Today, early this morning, I should have been on a flight to Madrid. I should have done the usual dash from Terminal 1, up one floor, onto the transit bus to Terminal 4, to the bar/café downstairs where I could see the ALSA bus heading for Burgos arriving to pick me up.
I would have had the best seat in the bus, first row with a great view over the Spanish plains, and listened to music and probably caught up on some sleep on the way.
As we turned into Burgos hour later, I would no doubt sit up straight, fizzing with joy and excitement, spotting famous landmarks from the bus.
I’d have got out at the bus station, gone upstairs to my prebooked bunk in the big albergue, maybe changed or dug a jacket out of my pack and spread my down bag out on the bed to puff up nicely for bedtime, and then headed straight out into town.
First port of call, of course, would be a visit to Burgos’ grand old lady, glorious as ever, and I would no doubt order a nice glass of albariño to go with my static sightseeing and people watching.
Then off to Calle San Lorenzo, which is full of tapas bars, where I’d saunter leisurely down the street to see which place took my fancy and wondering if other pilgrims – who would be everywhere at this time of the year, excited, tired, happy, in small international groups – could tell I was one of them already, or at least from tomorrow morning onwards.
Maybe I’d strike up a conversation with some of them, and enjoy listening to their stories of trials and triumphs and the unexpected over a selection of tapas and a few drinks, until later – but probably not late – I’d start feeling the tiredness after a long day travelling and return to my (hopefully bottom bunk) bed to get some sleep before my first day of meseta walking.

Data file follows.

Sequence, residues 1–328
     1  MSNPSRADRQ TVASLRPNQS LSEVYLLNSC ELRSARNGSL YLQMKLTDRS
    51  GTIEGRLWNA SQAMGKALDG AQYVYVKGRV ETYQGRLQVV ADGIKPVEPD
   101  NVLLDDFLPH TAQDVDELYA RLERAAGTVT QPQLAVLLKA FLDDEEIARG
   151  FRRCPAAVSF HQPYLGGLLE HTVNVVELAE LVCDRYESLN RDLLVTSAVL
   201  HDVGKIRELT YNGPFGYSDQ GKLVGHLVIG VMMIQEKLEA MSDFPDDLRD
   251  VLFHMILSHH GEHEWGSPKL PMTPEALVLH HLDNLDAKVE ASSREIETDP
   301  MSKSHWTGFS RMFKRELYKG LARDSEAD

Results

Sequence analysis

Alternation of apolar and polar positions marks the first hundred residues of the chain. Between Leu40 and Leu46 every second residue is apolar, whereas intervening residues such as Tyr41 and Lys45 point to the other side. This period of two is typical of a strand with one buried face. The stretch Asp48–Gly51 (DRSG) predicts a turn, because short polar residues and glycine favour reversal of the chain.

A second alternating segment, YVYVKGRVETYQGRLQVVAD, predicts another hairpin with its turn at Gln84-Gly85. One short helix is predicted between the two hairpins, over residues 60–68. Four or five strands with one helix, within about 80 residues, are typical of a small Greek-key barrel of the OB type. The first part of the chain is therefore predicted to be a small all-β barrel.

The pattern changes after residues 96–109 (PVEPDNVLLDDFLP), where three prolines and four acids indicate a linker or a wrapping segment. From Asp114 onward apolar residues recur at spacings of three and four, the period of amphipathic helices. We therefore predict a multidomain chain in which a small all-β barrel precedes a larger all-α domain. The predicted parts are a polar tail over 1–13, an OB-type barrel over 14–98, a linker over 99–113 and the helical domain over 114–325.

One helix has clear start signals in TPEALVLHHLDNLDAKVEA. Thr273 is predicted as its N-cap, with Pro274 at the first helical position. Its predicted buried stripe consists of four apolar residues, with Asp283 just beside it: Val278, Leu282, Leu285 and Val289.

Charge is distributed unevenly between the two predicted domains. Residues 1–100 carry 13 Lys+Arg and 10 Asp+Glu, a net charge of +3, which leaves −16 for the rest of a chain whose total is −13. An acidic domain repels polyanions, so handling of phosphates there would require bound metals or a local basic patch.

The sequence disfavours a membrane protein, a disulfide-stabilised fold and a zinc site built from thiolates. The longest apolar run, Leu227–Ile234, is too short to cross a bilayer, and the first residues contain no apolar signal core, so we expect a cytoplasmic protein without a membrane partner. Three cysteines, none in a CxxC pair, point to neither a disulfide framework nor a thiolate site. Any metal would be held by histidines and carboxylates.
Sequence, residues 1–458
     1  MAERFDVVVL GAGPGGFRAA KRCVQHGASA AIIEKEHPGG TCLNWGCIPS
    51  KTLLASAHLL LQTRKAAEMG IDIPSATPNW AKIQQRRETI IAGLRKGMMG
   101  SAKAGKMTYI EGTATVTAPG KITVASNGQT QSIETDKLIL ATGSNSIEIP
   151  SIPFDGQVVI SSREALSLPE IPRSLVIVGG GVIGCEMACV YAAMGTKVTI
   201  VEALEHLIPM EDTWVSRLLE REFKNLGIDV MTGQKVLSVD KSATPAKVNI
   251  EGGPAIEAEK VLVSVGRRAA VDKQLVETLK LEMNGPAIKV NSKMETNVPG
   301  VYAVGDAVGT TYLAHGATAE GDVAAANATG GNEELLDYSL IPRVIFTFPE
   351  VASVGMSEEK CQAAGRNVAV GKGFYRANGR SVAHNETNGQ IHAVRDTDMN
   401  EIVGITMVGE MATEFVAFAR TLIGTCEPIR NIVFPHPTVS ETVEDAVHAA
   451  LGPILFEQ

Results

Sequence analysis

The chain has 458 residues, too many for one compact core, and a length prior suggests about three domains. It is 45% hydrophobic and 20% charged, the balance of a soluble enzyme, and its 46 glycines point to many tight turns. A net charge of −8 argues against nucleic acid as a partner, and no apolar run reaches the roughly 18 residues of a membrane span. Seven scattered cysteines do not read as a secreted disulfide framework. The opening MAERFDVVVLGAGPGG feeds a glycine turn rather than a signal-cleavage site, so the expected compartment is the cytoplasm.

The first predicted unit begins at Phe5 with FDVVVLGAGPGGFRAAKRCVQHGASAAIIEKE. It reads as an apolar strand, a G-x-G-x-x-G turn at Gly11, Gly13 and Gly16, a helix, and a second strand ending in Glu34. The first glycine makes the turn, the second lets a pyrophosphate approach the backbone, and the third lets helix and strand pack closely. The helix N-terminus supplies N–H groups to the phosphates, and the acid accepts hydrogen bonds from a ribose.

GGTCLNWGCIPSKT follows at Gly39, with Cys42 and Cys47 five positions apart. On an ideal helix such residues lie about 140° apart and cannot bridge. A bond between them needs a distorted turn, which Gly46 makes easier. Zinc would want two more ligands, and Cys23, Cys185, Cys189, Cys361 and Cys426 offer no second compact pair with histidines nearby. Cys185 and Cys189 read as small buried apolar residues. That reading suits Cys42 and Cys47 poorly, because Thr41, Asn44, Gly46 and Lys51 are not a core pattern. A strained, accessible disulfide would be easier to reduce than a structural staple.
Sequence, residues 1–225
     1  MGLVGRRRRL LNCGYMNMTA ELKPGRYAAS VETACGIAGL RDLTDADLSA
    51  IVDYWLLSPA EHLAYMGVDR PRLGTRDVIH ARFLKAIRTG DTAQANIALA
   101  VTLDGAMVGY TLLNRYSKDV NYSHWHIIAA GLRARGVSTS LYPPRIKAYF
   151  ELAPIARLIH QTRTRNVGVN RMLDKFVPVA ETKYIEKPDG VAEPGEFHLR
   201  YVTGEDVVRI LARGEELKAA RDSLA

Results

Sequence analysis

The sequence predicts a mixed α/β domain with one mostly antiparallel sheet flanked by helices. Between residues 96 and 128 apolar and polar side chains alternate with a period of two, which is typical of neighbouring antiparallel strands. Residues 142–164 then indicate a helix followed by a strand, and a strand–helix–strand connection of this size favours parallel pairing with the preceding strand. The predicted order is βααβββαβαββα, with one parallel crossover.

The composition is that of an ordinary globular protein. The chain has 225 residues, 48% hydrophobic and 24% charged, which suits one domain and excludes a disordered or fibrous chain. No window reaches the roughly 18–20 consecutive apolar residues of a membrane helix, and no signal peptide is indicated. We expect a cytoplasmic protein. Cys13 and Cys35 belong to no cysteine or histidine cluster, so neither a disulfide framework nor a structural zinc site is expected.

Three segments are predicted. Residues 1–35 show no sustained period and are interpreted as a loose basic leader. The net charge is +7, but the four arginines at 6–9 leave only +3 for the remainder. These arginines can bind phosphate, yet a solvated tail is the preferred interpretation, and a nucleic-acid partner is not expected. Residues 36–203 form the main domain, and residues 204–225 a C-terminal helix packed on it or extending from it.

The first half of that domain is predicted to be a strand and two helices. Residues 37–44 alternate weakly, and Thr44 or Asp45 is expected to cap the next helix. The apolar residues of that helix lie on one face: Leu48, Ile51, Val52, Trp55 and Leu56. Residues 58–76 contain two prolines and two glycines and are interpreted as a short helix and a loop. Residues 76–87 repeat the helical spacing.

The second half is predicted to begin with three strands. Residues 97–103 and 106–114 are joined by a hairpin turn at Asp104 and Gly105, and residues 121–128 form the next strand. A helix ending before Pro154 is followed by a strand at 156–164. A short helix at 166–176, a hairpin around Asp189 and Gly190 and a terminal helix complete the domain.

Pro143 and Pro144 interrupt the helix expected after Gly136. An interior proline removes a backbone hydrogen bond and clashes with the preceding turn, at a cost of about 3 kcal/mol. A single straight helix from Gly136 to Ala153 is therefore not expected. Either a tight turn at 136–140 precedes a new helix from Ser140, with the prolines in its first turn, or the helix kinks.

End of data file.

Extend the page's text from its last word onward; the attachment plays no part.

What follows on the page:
Instead, I am at home, in lockdown UK, with sunshine in the garden and a new sunhat. I have the rest of May off, I have books to read and a fridge full of food and am happy and healthy and have camino time to slow down and relax. And I will still get my daily kilometres in, but on my exercise bike instead of walking.
Nobody knows when or how or even if the camino will welcome her pilgrims again, though I doubt it will be this year. Next year is a Holy Year, when the number of pilgrims normally increase, and with all the postponed and cancelled 2020 caminos, who knows if the infrastructure will still be there and able to cope. If you have cancelled or postponed your own walk, please have a look at this blog post from Sybille in Santiago and consider donating – the price of a bed, or a donativo stay with communal meal, or what you would have spent on a new pair of walking shoes – to help hospitaleros and pilgrim facilities survive financially until we walk again.
Buen virtual camino!